But enjoyment of a wealthy lifestyle is tempered by other life events. According to a mathematical formula devised by a British economist and his US counterpart, a lasting marriage brings as much joy as having an extra pounds 60,000 a year, while losing a job "costs" pounds 40,000 in happiness.
The formula used by Professor Andrew Oswald of the University of Warwick involves self-reported happiness levels, income, personal traits and demographic details. Although well-being has increased for some, on average life satisfaction in Britain has not changed since 1972. Then one-third of the population was very satisfied with life - the same as in 1998.
The study, Well Being in Britain and the US, looked at100,000 people in the two countries. Professor Oswald concludes that the happiest people are women, the highly educated, married couples and those whose parents did not divorce.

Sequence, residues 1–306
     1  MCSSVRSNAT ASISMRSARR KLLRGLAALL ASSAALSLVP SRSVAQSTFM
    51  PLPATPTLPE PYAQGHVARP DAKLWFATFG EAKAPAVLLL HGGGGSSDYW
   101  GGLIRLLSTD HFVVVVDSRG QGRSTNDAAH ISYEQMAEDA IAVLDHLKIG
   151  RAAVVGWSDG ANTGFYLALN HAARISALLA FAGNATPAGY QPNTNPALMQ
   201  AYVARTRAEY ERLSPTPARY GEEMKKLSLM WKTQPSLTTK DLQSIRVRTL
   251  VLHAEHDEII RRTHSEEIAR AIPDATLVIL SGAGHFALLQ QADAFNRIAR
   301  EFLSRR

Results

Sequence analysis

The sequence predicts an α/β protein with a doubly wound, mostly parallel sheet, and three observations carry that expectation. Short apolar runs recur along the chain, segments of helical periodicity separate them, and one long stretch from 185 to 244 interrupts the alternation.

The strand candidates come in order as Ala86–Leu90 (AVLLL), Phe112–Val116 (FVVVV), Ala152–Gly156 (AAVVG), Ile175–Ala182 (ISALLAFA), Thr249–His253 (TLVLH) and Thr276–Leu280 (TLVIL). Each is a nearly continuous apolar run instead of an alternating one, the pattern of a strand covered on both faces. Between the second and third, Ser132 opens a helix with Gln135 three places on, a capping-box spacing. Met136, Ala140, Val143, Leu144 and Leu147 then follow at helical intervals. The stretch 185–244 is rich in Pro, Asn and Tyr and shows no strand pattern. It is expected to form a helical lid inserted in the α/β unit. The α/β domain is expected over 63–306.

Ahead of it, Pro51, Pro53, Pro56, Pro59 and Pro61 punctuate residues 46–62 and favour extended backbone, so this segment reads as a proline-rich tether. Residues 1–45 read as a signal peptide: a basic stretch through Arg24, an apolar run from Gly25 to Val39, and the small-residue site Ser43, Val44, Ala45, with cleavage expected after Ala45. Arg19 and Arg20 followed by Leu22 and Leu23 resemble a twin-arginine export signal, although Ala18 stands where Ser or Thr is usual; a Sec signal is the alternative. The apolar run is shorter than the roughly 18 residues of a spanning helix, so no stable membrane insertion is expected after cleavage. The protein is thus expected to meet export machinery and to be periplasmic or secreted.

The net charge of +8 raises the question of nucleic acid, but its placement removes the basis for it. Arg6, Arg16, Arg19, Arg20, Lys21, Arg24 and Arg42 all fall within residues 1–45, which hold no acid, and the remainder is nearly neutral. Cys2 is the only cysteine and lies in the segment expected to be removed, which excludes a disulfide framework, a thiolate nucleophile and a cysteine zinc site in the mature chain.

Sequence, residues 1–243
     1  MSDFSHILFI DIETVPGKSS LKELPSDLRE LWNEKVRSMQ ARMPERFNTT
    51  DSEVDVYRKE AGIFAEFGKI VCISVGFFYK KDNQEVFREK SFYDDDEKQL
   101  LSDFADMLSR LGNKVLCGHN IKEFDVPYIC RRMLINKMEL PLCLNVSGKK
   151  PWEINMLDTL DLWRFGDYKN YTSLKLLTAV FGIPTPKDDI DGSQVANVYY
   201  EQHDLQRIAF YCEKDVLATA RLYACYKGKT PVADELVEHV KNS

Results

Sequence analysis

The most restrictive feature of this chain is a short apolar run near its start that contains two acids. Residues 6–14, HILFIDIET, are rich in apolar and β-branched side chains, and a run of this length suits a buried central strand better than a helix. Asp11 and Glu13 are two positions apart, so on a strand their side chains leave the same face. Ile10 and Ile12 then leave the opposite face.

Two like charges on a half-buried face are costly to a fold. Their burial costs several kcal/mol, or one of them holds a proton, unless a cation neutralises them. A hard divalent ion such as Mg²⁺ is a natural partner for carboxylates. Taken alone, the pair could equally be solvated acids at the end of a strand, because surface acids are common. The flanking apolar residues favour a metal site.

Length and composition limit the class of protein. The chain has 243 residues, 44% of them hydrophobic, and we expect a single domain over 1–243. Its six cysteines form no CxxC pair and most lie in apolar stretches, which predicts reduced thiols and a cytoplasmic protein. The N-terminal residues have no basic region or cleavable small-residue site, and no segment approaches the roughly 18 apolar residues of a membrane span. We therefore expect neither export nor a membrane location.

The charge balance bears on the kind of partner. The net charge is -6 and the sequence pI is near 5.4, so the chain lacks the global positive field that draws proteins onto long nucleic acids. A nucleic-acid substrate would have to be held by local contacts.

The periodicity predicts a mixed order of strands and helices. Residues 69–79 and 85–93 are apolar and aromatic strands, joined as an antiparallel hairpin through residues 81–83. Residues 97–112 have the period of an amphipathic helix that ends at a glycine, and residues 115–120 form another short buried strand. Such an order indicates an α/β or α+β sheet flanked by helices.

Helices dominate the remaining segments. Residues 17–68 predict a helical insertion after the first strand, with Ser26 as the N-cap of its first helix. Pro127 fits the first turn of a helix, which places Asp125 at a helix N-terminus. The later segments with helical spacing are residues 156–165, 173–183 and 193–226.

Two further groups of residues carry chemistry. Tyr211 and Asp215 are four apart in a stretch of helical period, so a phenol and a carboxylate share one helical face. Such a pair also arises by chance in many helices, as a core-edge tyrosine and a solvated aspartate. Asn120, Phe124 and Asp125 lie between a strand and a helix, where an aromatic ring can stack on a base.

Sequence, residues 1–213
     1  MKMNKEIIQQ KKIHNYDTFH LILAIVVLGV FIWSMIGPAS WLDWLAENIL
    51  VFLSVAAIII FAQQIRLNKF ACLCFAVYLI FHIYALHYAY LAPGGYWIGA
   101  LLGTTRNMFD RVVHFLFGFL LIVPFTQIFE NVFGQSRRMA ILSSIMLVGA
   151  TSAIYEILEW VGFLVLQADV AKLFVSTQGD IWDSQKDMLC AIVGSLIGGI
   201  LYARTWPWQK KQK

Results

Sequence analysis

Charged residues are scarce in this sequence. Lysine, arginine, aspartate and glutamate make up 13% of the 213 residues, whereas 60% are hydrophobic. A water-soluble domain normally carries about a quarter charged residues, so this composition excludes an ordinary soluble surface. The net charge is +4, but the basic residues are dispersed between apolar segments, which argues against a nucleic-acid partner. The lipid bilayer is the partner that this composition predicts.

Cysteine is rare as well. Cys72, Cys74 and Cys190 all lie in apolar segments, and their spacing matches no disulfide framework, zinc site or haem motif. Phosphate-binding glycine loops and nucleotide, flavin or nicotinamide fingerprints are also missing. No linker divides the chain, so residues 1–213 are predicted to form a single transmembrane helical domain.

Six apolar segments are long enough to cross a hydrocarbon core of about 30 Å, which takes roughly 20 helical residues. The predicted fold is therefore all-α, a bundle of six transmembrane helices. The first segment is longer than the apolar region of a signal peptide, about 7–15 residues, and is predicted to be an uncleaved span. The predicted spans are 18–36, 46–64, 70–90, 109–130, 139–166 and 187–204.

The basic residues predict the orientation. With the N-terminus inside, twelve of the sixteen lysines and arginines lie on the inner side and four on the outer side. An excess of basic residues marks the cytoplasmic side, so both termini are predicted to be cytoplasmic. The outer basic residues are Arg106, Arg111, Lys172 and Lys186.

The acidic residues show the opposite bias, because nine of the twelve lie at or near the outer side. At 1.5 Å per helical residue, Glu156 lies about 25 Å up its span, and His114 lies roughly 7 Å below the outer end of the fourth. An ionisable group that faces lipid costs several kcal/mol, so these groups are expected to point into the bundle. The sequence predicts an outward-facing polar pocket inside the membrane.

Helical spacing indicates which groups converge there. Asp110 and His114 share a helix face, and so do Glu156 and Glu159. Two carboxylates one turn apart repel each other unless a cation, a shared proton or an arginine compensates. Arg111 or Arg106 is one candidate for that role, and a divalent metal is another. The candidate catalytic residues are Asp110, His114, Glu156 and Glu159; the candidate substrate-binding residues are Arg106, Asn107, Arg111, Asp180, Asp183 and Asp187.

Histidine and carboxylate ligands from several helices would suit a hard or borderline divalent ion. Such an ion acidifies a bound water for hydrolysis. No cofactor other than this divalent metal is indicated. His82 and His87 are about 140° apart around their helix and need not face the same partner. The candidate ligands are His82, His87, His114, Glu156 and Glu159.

"Married people in Britain report rising well-being over this quarter of century," said Professor Oswald. "Unmarried people, by contrast, are no happier than in the 1970s." In the early 1970s, 72 per cent of the sample were married; the figure for last year was 55 per cent.
Women who cohabit are happier than those who live alone but nowhere near as happy as those who are married, the study found. British men continue to be less content thanwomen; 14 per cent are not very or not at all happy compared with 12 per cent of women.
The findings showed it would take a pay rise of about pounds 40,000 a year to "compensate" men for unemployment in happiness terms. "These enormous sums in a sense reflect the low happiness value of extra income," the study says. It was also found that happiness changes with age - in Britain, women are at their most miserable at 40, while men's low point is 43.Reuse content